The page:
Honor ‘World Day of the Poor’ by extending your hands and opening your hearts
The World Day of the Poor is a new celebration on the Catholic liturgical calendar, created by Pope Francis at the end of the Jubilee Year of Mercy in 2016 in a document titled “Misericordia et Misera “(“Mercy with Misery”). The Pope asked Catholics to celebrate the special day every year on the 33rd Sunday of Ordinary Time. This year the date is November 19th and will focus on the Evangelist John’s call to love “not with words, but with deeds.” Jesus was born into poverty. He lived with poor people and was poor when he died.
Pope Francis is calling on Catholics around the world to serve the poor with concrete actions that address their daily needs explaining that service to them is “an imperative that no Christian may disregard.” We cannot be indifferent to growing poverty in the world as a privileged minority accumulates “ostentatious wealth.” The Pope expresses how “God created heavens and the earth for all; yet sadly some have erected barriers, walls and fences, betraying the original gift meant for all humanity, with none excluded.”
The Pope insists that if we truly wish to encounter Christ, we have to “touch his body in the suffering bodies of the poor, as a response to the sacramental communion bestowed in the Eucharist.” The Body of Christ can be seen “through charity and sharing, in the faces and persons of the most vulnerable of our brothers and sisters.” The World Day of the Poor is meant to encourage believers to react against “a culture of discard and waste, and to embrace a culture of encounter.” Catholics and other persons of good are urged “to turn their gaze to all who stretch out their hands and plead for our help and solidarity.”
In his Apostolic Letter “Misericordia et Misera” the Pope described how Christians can be seen within a new light as blessed in the style of Jesus Christ’s beatitudes. In fact, the Pontiff created three new beatitudes:
“Blessed are the open hands that embrace the poor and help them, they are hands that bring hope.”
“Blessed are the hands that reach beyond every barrier of culture, religion and nationality and pour the balm of consolation over the wounds of humanity.”
“Blessed are the open hands that ask nothing in exchange, with no ‘ifs’ or ‘buts’ or ‘maybes’, they are hands that call down God’s blessing upon their brothers and sisters.”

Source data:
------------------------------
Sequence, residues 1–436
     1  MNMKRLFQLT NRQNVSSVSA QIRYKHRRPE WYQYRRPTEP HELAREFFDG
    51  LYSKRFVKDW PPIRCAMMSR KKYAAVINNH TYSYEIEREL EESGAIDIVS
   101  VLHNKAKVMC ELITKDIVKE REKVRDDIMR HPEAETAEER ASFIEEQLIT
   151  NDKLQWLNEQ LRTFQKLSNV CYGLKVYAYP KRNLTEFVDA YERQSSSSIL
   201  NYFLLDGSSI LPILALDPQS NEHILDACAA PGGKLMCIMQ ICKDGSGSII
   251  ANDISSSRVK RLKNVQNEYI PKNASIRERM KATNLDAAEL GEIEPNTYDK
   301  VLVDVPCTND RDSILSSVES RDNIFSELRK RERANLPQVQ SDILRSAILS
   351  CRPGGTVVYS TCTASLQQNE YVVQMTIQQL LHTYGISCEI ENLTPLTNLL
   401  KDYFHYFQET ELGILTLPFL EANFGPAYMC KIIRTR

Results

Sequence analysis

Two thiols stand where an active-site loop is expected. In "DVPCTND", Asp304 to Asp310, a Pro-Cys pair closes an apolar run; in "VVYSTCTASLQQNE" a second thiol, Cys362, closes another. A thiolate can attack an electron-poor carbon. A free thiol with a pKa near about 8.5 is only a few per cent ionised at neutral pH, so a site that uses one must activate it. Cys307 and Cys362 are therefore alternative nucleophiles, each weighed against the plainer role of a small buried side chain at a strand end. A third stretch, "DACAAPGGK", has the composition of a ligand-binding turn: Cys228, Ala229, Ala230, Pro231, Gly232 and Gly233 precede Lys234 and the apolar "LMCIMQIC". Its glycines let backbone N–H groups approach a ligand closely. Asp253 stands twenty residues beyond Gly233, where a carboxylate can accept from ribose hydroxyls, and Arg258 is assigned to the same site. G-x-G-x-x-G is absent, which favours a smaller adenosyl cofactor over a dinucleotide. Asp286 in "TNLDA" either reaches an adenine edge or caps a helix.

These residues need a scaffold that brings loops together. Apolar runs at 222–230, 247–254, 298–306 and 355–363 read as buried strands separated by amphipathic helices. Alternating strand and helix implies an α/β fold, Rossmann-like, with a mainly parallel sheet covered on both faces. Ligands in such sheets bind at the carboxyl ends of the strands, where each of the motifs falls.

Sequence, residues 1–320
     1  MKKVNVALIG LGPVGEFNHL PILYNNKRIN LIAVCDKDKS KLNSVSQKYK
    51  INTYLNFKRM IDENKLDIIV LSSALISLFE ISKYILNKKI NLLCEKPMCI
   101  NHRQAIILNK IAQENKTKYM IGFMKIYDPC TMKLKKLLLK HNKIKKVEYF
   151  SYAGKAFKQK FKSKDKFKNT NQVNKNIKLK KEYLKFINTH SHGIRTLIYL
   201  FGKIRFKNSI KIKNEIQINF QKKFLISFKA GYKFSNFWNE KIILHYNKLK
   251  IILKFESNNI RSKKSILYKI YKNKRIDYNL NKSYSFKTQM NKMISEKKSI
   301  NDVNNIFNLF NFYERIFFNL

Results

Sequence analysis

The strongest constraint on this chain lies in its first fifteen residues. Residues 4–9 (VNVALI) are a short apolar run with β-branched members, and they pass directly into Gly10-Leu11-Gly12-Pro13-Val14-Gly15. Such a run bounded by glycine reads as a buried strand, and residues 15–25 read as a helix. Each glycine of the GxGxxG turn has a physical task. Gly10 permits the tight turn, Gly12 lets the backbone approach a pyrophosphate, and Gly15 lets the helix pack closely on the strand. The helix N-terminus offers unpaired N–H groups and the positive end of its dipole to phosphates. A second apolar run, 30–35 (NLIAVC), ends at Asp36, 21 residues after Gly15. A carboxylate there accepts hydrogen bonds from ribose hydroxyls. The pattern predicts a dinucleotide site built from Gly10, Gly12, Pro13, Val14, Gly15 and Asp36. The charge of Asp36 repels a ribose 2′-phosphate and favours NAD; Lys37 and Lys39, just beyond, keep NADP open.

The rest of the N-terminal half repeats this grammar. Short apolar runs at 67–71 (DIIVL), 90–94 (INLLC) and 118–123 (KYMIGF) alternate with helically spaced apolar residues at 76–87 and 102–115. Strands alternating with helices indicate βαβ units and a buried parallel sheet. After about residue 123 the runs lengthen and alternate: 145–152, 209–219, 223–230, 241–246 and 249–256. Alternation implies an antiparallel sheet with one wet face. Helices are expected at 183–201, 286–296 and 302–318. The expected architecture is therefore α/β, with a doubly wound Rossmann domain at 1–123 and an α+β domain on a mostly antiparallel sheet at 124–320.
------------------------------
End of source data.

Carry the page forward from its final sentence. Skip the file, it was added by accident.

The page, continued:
In his Apostolic Letter the Pope calls on us to respond to the many forms of material and spiritual poverty by adopting a new vision of life and society. The Supreme Pontiff will personally offer lunch to about 500 poor people in the Vatican’s Paul VI Audience Hall on November 19, 2017 after celebrating Mass in St. Peter’s Basilica. Following the teaching of Scripture, Pope Francis will welcome these poor persons as honored guests at his table, and they will in turn be teachers who help us all to live the faith more consistently.
St. John Chrysostom explains convincingly that “if you want to honor the body of Christ, do not scorn it when it is naked; do not honor the Eucharistic Christ with silk vestments and then, leaving the church, neglect the other Christ suffering from cold and nakedness.”
Pope Francis continues explaining how the “Our Father” is the prayer of the poor. Our asking for bread expresses our trust and dependence on God for our basic needs in life. Everything that Jesus taught us in this prayer expresses the cry of all who suffer from life’s uncertainties. As brothers and sisters, the “Our Father” is a prayer said in the plural. The bread for which we ask is “ours” and that means sharing, participation and joint responsibility. Therefore, we must overcome every form of selfishness in order to enter into the joy of mutual acceptance.
I will ask my parishioners to dedicate the week preceding the World Day of the Poor and the actual Sunday to creative initiatives fostering encounter, friendship, solidarity and concrete assistance to the poor. I am appealing to their consciences as believers in Christ. This recognition and action will allow all of us to grow in the conviction of sharing with the poor which enables us to understand in a deeper way the truth of the Gospel. Christians must reach out to the poor as Christ did since they are not a problem, but a resource rich in dignity and Godgiven gifts that help Christians better understand the essential truth of the Gospel. So, pray to Mother Teresa---“St. Teresa of Kolkata”--to intercede for you to help the poor----a mission that enveloped her whole “sainted” life. The Rev. Gus Puleo is pastor of St. Patrick Church in Norristown and adjunct professor of Spanish at St. Charles Borromeo Seminary in Philadelphia. He is a graduate of Norristown High School and attended Georgetown University, where he received B.A. and B.S. in Spanish and linguistics. He has master’s degrees in Spanish, linguistics and divinity from Middlebury College, Georgetown University and St. Charles Borromeo Seminary. He holds a Ph.D. in Spanish from the University of Pennsylvania.